Naipaul successfully builds up the tension during the drive as Bobby and Linda become aware that inter-tribal antagonism is building up to the extent that the President’s camp is hunting the King down. Part of the way into the trip Bobby and Linda discover from an American acquaintance that a 4 o’clock curfew is in place in the Southern Collectorate which will mean breaking the journey with an overnight stop. They stay in a run-down hotel where the owner, an elderly white colonel treats his black members of staff just as appallingly as he would have done in colonial days. A distinct atmosphere of menace hangs over the few hours they spend at the decaying hotel. The next day on the home stretch, Bobby and Linda are caught up in a tense, violent incident at a checkpoint, before they finally make it back to the apparent security of the government compound.

After reading Naipaul’s Booker Prize winning novel I was left feeling rather jaded and very disillusioned with human nature. Few of the characters in the story seem very appealing and many, such as the colonel are pretty unpleasant. Naipaul doesn’t seem to spare any of the races: he paints an unattractive picture of most of the white, black and Asian characters. It is hard to find any warmth in the novel, gripping as it is, and there seems to be little optimism for the future in this un-named African state. Greed, corruption, apathy and violence punctuate the action in the story. Naipaul provides no easy answers to questions on the nature of post-colonial society.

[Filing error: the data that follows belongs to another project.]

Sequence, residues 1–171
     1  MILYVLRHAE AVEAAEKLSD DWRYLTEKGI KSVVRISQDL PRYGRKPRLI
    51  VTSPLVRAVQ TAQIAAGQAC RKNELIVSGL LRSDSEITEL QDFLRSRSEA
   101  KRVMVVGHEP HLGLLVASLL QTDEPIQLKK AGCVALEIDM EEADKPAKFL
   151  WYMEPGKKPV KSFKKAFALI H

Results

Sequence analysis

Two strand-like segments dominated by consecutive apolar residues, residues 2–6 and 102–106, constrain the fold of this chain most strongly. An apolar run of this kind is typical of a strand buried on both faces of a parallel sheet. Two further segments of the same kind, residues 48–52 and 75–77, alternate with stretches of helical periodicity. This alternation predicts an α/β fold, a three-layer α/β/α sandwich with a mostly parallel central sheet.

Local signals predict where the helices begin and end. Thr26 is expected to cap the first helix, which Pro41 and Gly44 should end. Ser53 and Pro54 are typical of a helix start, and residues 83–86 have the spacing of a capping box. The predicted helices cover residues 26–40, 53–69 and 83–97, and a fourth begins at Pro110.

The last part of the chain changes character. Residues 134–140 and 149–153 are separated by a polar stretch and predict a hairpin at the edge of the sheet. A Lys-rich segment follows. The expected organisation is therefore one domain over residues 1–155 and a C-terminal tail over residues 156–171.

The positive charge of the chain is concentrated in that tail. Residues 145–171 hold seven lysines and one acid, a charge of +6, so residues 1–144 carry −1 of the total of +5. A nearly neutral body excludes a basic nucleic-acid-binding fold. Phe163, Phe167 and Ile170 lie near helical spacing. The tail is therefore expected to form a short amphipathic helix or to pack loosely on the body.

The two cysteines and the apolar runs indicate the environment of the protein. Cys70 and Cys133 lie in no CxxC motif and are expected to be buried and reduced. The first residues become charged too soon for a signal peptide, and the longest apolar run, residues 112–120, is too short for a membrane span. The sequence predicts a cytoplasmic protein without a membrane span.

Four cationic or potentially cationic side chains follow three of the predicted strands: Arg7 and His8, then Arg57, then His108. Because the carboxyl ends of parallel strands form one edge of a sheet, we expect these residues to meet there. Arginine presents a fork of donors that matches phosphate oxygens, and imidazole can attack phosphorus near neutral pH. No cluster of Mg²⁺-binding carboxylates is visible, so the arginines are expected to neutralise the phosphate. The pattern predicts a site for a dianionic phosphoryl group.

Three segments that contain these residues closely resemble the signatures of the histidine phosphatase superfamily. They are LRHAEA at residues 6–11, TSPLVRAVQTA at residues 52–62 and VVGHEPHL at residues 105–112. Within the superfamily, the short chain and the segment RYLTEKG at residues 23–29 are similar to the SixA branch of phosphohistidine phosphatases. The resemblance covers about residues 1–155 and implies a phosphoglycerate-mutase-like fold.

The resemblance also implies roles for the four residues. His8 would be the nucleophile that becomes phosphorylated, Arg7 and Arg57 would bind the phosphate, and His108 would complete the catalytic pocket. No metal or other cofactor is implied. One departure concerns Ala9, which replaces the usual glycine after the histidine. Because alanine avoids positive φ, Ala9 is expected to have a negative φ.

My final Landing Eight book will feature in an up-coming blog post and then I will be trawling the shelves for more material. I do hope to introduce a couple more #LandingAuthor items in the near future too. I also hope to ensure that things aren’t so quiet on The Landing during the autumn months as they’ve been lately.

All for now, and in the meantime drop me a line if you have any thoughts on Naipaul’s work.


 * And thanks to He Who Put the Shelves Up since I’ve been using his copy!

More catching up: Landing Eight Challenge

Murderers and Other Friends

Legal Memoirs…

In case you were all thinking that I had allowed my Landing Eight Challenge to fade quietly away, I will just slip in this quick post to let you know the next book to be read from the pile. After much deliberation I decided on the one remaining re-read in the pile (the other one having been Josephine Tey’s Daughter of Time).

I have opted to read John Mortimer’s Murderers and Other Friends (Orange Penguin edition) again. This title was grabbed for the Landing Eight pile because it has been several years since I originally read it. According to the note written in side the cover in my own fair hand, the book was a Christmas present in 1995. Try as I might though, I cannot recall from whom I received this volume of memoir (apologies to the unknown giver).